ANU is committed to the demonstration of educational excellence and regularly seeks feedback from students. Students are encouraged to offer feedback directly to their Course Convener or through their College and Course representatives (if applicable). Feedback can also be provided to Course Conveners and teachers via the Student Experience of Learning & Teaching (SELT) feedback program. SELT surveys are confidential and also provide the Colleges and ANU Executive with opportunities to recognise excellent teaching, and opportunities for improvement.
|Week/Session||Summary of Activities||Assessment|
|1||Estimating a mean. Intro to Stata.|
|2||Estimating a mean.||Wattle quiz.|
|3||Estimating a mean.||Wattle quiz.|
|6||Comparing two means, randomised controlled trials.||Wattle quiz.|
|7||Regression approach to causal inference.||Wattle quiz.|
|8||Difference in differences methods.||Wattle quiz.|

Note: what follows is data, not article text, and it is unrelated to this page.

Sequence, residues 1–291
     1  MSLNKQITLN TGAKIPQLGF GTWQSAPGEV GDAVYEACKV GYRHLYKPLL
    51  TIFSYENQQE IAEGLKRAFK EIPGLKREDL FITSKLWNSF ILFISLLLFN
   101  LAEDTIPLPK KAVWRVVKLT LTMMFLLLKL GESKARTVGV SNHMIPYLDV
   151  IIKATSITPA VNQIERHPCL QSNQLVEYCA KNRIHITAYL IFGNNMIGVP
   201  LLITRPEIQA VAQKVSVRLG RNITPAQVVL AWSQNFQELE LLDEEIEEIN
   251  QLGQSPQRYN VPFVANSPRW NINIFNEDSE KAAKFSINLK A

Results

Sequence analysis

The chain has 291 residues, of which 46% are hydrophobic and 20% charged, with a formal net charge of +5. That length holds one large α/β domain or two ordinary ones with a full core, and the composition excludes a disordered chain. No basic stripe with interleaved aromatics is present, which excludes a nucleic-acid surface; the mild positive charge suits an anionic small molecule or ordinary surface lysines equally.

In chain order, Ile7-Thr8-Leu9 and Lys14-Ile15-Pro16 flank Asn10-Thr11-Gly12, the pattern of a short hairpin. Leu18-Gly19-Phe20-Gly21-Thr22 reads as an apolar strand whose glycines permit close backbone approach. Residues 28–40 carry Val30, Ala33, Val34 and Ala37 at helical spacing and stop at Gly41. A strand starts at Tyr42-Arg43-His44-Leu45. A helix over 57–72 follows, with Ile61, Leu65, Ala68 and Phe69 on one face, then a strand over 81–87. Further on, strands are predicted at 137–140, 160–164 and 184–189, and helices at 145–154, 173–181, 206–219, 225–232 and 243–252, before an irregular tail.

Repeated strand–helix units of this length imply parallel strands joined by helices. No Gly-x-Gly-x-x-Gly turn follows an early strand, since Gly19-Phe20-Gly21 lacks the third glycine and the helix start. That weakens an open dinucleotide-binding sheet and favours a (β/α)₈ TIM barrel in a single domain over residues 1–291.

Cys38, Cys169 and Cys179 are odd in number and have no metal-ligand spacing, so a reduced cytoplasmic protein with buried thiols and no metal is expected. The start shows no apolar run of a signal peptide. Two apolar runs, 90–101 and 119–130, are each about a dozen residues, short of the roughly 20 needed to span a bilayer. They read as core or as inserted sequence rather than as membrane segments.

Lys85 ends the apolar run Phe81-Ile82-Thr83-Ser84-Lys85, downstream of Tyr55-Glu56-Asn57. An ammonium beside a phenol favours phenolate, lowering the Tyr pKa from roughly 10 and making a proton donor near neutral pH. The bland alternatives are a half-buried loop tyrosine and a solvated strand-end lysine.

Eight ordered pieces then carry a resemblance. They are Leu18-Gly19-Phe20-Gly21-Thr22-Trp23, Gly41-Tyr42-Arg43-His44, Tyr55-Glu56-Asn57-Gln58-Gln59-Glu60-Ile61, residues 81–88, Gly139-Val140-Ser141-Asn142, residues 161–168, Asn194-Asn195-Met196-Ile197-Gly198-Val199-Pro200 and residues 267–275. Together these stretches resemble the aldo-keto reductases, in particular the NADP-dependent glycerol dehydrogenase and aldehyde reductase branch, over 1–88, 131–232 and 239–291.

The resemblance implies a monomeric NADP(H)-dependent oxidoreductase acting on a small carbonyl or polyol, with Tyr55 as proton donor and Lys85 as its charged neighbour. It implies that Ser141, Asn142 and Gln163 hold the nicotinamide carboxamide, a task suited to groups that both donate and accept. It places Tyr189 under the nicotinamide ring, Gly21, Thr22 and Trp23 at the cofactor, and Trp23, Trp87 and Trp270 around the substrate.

|9||Instrumental variable methods.||Wattle quiz.|
|10||Maximum likelihood methods and binary regressands.||Wattle quiz. Assignment.|
|11||Speical topic eg multivariate inference.||Wattle quiz.|
|12||Special topic eg time series methods.||Wattle quiz.|
The tutorials begin in week 1.
Weekly tutorials will be delivered both on-campus and online via Zoom. You must enrol in a particular tutorial session and you are expected to attend that particular tutorial each week from week 1 onwards. You enrol using MyTimetable, see the ANU timetable webpage https://www.anu.edu.au/students/program-administration/timetabling.
|Assessment task||Value||Learning Outcomes|
|Wattle quizzes||20 %||1,2|
|Final Exam||60 %||1,2|
* If the Due Date and Return of Assessment date are blank, see the Assessment Tab for specific Assessment Task details
ANU has educational policies, procedures and guidelines , which are designed to ensure that staff and students are aware of the University’s academic standards, and implement them. Students are expected to have read the Academic Integrity Rule before the commencement of their course. Other key policies and guidelines include:
- Academic Integrity Policy and Procedure
- Student Assessment (Coursework) Policy and Procedure
- Special Assessment Consideration Guideline and General Information
- Student Surveys and Evaluations
- Deferred Examinations
- Student Complaint Resolution Policy and Procedure
- Code of practice for teaching and learning